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    Britain's Prime Minister Boris Johnson arrives at Downing Street, in London, Britain July 24, 2019

    UK General Election Will 'Happen Sooner' Than People Anticipate – Brexit Party Member

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    Conservative MP Mark Francois has told the BBC that the European Research Group; an influential pro-Brexit think tank with the newly chosen head of the House of Commons Jacob Rees Mogg as chairman, would vote against any revival of Theresa May’s Brexit deal in parliament, even if it included no provision for a backstop.

    The statement comes after the EU’s chief Brexit negotiator Michel Barnier stated, that removing said backstop would be unacceptable, despite the desires of hard-line eurosceptics in the House of Commons. So with this in mind; would an attempt to salvage a divorce bill with Brussels by new British Prime Minister Boris Johnson simply be a waste of time?

    Sputnik spoke with Brexit Party organiser Pete Durnell for more…

    Sputnik: Would re-negotiating aspects of Theresa May’s Brexit deal be worthwhile?

    Pete Durnell: I’m not surprised the ERG are saying what they are saying, because there’s an awful lot wrong with that withdrawal bill, not just with the backstop, we’re paying thirty-nine billion for effectively nothing in return, the veto the EU will have on us leaving or withdrawing from that agreement, the fact that we’ll continue to accept all their new directives and remain under the ECJ, etcetera etcetera.

    I think the EU is always going to play hardball; we know that they’ve done that in the past, but until now we haven’t even really played softball, we’ve just rolled over and perhaps even let the ball hit us.

    Basically the German economy is in serious trouble, their output is in freefall and the last thing they need is tariffs on everything to do with UK trade, so essentially if we are serious; and they believe we are serious about no deal, they will talk, they will move, and we will get a much better deal.

    Sputnik: Do you think the EU would grant another extension of Article Fifty to avoid a no-deal Brexit? And would a no-deal Brexit be as bad as many claim?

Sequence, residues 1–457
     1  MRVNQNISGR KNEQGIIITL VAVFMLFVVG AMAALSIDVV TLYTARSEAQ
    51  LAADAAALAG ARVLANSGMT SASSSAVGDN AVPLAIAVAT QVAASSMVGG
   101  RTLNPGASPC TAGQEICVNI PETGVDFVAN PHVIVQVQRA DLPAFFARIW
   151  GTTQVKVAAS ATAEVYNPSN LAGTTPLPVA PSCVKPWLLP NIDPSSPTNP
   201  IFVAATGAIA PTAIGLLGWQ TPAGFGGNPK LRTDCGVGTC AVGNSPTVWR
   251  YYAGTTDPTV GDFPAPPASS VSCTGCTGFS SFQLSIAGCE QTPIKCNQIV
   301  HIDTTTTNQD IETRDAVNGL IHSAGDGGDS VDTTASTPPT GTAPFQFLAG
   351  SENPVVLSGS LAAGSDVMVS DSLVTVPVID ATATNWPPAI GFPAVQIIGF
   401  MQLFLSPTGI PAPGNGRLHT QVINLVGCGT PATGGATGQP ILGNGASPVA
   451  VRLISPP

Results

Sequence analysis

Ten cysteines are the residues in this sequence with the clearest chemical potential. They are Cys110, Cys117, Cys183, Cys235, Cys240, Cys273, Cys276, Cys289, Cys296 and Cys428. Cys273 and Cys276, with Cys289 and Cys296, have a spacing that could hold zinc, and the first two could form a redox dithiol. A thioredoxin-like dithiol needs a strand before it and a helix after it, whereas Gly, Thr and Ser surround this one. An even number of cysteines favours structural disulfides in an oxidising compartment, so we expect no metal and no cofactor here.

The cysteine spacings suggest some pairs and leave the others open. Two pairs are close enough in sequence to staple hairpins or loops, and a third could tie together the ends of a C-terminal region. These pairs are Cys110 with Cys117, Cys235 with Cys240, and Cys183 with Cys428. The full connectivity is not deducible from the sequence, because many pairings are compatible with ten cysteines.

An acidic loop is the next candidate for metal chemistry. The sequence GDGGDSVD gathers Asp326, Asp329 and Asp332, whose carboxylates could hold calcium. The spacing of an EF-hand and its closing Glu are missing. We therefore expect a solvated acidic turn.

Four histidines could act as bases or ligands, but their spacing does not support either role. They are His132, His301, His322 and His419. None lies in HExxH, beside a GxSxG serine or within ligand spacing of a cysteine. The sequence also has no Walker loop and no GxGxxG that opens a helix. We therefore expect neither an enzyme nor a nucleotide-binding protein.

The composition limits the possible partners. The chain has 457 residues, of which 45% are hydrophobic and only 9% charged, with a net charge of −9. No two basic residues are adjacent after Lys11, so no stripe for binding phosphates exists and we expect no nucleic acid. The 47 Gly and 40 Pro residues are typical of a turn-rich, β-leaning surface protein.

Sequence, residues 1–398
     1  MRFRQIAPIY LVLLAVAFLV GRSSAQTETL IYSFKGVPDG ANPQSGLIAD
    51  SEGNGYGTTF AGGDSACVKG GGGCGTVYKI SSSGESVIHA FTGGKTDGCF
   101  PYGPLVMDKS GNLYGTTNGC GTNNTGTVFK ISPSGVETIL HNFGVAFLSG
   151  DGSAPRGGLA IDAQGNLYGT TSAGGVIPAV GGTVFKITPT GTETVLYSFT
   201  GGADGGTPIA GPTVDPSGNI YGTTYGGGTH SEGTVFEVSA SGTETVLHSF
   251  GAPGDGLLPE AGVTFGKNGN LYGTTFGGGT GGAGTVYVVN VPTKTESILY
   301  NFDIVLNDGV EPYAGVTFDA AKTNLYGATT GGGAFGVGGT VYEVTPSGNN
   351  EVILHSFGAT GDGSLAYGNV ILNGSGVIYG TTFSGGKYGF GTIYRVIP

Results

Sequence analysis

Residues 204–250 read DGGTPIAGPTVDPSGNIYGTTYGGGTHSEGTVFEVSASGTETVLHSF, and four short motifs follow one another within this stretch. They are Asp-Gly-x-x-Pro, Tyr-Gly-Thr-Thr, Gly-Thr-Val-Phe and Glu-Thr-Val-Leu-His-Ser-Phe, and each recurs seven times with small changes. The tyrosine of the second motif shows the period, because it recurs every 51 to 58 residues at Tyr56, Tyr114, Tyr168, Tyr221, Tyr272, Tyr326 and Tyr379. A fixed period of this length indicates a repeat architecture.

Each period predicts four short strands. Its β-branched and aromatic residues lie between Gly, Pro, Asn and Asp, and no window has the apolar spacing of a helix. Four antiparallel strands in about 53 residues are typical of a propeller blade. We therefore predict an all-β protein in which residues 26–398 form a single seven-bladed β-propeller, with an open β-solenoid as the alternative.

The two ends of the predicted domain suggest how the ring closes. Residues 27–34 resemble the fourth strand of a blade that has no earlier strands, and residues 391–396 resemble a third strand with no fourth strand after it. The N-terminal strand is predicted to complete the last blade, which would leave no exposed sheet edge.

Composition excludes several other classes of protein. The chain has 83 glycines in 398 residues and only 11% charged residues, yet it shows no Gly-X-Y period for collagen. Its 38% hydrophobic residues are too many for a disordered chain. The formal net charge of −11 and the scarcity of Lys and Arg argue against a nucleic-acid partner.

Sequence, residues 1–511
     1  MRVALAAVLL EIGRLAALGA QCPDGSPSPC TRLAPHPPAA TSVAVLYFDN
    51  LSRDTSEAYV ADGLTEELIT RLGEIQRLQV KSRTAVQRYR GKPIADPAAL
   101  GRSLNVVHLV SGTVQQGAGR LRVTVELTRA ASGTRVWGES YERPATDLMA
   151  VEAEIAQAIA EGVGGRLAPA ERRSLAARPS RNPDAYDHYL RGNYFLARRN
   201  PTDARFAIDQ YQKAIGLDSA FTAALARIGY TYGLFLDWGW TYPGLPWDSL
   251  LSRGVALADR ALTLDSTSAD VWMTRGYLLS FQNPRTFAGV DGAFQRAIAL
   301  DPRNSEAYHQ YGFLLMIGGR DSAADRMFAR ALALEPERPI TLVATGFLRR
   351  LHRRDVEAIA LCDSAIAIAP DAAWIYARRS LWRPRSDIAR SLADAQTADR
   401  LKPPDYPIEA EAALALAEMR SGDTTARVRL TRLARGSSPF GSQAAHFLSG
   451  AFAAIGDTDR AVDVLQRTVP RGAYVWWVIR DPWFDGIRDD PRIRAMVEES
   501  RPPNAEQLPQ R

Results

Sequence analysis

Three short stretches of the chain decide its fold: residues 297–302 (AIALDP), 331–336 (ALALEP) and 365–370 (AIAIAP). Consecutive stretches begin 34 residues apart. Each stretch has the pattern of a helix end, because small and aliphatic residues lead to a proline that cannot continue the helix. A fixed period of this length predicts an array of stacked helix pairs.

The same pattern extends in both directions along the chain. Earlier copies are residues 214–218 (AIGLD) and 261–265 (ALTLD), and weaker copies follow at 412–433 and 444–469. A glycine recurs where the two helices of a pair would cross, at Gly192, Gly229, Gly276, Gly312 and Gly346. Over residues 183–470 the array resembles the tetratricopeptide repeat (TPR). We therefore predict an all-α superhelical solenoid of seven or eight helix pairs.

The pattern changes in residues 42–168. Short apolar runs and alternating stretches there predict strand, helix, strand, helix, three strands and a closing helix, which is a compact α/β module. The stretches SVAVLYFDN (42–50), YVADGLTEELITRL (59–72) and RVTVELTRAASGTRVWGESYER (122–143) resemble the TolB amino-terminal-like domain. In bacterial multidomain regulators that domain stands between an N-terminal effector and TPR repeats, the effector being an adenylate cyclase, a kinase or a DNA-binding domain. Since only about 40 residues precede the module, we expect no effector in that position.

Pete Durnell: I’m pretty sure Ursula von der Leyen; the new most powerful President in the EU has already said that the UK can have another extension, so I don’t think there’s too much doubt about that. The question would be if they would allow us to just have that extension without any preconditions, because I suspect that they would say that you could only have it if there was a second Brexit referendum attached, or at least that’s what they would try.

    They want more of Britain’s money and more time to try and overturn Brexit, so they are always going to allow the UK an extension one way or another.

    I personally don’t believe that a no-deal Brexit or WTO rule Brexit will be anything like as bad as the predictions, as they tend to be for sort of ten or twenty years ahead; but bluntly I don’t think it would last more than a few weeks.

    It’s going to be in everybody’s interest to put a temporary deal into place, whilst we work out a proper free trade agreement, so I just think that both sides are going to want to do that and it will happen, so there won’t be twenty years of no deal, it’ll be a few weeks.

    Sputnik: If Boris Johnson does not deliver Brexit by Halloween; would he lose a vote of no confidence and possibly a general election?

    Pete Durnell: I don’t think there’s much doubt that at some point he’s going to lose a no-confidence vote before the next scheduled election.

    I think that if he doesn’t deliver Brexit by Halloween; he knows, and pretty much everyone knows that he’s in serious trouble, I think there would be a no-confidence vote and that he would lose it, and essentially if he doesn’t then do a deal with the Brexit Party the Conservatives would almost certainly not be in government afterwards.

    I don’t think he’ll wait until that point when it’s obvious that all of his promises have fallen through, I think he’ll actually try and take advantage of his honeymoon period, there’s a lot of goodwill amongst Brexiteers at the moment in terms of what he’s saying, and what he wants to do, so he’s not going to wait until it becomes clear that he can’t do it.

    He will essentially call a general election on his own; but he can’t do that entirely on his own back because of the fixed term parliament act, but what he will do is get an agreement from Labour; who are going to want a general election anyway, and they’ll vote for it.

    There will be a general election, and I think it will be sooner than perhaps many people anticipate because Boris Johnson wants to take advantage of that honeymoon period.

    The views expressed in this article are solely those of Pete Durnell and do not necessarily reflect the official position of Sputnik.

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